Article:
The U. S. Small Business Administration (SBA) on April 2, 2020, released an Interim Final Rule regarding how the agency will implement the “Paycheck Protection Program” of the Coronavirus Aid, Relief, and Economic Security Act (CARES Act). The CARES Act also expands the SBA’s long-standing Economic Injury Disaster Loan Program (EIDL).
Here are some Frequently Asked Questions as to why nonprofits, foundations, and small businesses should be paying attention to these CARES Act loan programs.
What is the Paycheck Protection Program, and how does it impact small businesses (with 500 or fewer employers)?
The Payment Protection Program is available to small businesses and charitable nonprofits with 500 or fewer employees. Employees of affiliate nonprofits may be counted toward the 500 employee cap, depending on the degree of parent control.
The Paycheck Protection Program, although structured as a loan, is essentially a grant providing small entities with enough cash to cover payroll costs so long as the loan forgiveness requirements are met. Under the Program, up to the full principal loan amount may be forgiven (1) if the loan proceeds are used on payroll costs for eight weeks after the loan is disbursed and (2) the borrower maintains employee and compensation levels. The loan also allows entities to rehire furloughed employees. We expect the SBA to issue additional guidance on loan forgiveness soon.
How does the CARES Act expand the EIDL?
The EIDL program provides financial assistance to small businesses and nonprofits that suffer substantial economic injury as a result of the COVID-19 pandemic. An EIDL working capital loan can help nonprofits meet the necessary financial obligations that it could have met had the pandemic not occurred.
As we mention in response to Questions 3 and 4 below, there are limits to the loans that an entity can receive under the CARES Act. Keep reading for information about which loan might make the most sense for your organization.
Are there limits on using the Paycheck Protection Program loan proceeds?
To qualify for loan forgiveness, the Paycheck Protection Program loan proceeds must be used for:
- Payroll costs, including benefits (capped at $100,000 annualized for each employee);
- Interest on mortgage obligations, incurred before February 15, 2020;
- Rent, under lease agreements in force before February 15, 2020; and
- Utilities, for which service began before February 15, 2020.
However, not more than 25% of the loan proceeds may be used for non-payroll costs.
The total loan amount available under the Paycheck Protection Program loan is the lesser of $10 million or 2.5 times the average total monthly payroll costs from the one-year period prior to the date of application. If the payroll costs are seasonal, entities may elect to instead use average monthly payroll between February 15, 2019, and June 30, 2019, excluding costs over $100,000 on an annualized basis for each employee. The Interim Final Rule provides a payroll-based formula and examples.
Are there limits on using the EIDL loan proceeds?
Only specific organizations are eligible for an EIDL. Generally, the following entities that have suffered a substantial economic injury caused by the pandemic and provided they were in existence on January 31, 2020, are eligible:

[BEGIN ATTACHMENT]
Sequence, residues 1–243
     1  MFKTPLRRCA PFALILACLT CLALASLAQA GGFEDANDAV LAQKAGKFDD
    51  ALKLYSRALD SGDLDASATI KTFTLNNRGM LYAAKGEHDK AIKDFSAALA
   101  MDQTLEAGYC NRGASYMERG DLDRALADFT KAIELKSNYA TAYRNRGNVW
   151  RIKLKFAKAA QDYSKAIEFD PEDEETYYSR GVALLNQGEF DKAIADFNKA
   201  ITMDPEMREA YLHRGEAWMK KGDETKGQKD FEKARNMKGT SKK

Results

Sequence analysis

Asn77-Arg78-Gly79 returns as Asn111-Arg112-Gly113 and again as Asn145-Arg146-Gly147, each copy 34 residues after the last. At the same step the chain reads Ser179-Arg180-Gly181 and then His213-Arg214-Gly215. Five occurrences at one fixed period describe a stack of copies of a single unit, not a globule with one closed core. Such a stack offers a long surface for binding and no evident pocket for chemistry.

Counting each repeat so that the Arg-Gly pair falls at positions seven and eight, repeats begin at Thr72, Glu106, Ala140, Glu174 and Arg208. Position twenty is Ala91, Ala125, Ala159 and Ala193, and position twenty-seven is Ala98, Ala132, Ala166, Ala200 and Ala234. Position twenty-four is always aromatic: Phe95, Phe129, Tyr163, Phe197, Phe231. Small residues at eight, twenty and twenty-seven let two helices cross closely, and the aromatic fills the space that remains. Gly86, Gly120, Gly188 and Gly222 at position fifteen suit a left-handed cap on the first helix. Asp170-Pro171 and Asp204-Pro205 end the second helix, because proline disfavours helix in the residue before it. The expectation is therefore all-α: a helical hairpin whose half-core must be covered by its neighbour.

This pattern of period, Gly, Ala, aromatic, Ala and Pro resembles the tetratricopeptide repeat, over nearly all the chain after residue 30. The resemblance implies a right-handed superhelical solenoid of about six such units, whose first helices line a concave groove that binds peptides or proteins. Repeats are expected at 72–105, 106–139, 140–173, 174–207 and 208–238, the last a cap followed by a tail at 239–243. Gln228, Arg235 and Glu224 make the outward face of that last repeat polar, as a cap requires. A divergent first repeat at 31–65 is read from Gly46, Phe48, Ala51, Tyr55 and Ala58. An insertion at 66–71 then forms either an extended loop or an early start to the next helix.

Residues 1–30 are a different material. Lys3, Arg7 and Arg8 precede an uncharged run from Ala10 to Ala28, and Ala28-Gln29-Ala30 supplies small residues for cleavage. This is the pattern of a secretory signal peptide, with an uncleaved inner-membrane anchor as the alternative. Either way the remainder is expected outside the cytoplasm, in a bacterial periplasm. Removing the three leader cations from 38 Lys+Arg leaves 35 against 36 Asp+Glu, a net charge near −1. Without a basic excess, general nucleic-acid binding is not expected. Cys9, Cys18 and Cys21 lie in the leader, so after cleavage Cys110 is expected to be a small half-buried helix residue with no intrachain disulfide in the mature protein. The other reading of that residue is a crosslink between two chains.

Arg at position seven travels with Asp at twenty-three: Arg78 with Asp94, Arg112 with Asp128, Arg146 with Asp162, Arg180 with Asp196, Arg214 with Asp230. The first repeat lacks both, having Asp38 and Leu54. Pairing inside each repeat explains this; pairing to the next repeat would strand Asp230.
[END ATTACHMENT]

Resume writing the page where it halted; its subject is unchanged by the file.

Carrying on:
- Small businesses with fewer than 500 employees
- Cooperatives, ESOPs, and tribal small businesses with fewer than 500 employees
- Sole proprietors
- Independent contractors
- Most nonprofits (existing EIDL limits apply – excluding nonprofits of a certain size and excludes religious institutions and some other charitable organizations)
The EIDL loan proceeds should be used to cover ordinary and necessary operating expenses, and reductions in working capital incurred in connection with the COVID-19 pandemic. This includes:
- Fixed debts,
- Accounts payable, and
- Other bills that an entity cannot pay as a result of the pandemic’s impact.
Nonprofits seeking funds under the EIDL may request a “Grant Advance” of up to $10,000, payable three days after the application to the EIDL program. The advance is to be used to pay eligible and imminent operating costs related to the COVID-19 pandemic, such as increased cost of materials, payroll, rent, or mortgage payments. Nonprofits do not have to pay the Grant Advance back, even if the nonprofit is later denied an EIDL.
How does an entity apply for the Paycheck Protection Program?
The Program grants loans on a “first-come, first-served” basis, with no applications accepted after June 30, 2020. There is no collateral, personal guarantee, or application fees under the Paycheck Protection Program. Here is the final application form issued by the U.S. Treasury Department.
How does an entity apply for the EIDL?
Small businesses and nonprofits interested in applying for an EIDL should apply online through SBA’s secure Disaster Loan Assistance online application.
Can entities apply for more than one loan?
It depends. An eligible borrower may only receive one Paycheck Protection Program loan. An entity may be limited in obtaining an EIDL if it received another loan under the Paycheck Protection Program and if the loans are being used for the same thing. On the other hand, an entity could receive an EIDL and a loan under the Paycheck Protection Program if they are used for different purposes. Additionally, applicants can have an existing SBA Disaster Loan and still qualify for an EIDL disaster loan; however, the loans cannot be consolidated.
What factors should an entity consider when choosing between the two types of loans?
Below is a summary of the primary loan terms for both the Paycheck Protection Program and the EIDL. The entity should evaluate the various loan parameters to figure out what loan makes more sense for its business.
For a more detailed comparison of the loan programs available under the CARES Act, refer to the CARES Act Loan Options table prepared by the National Council of Nonprofits.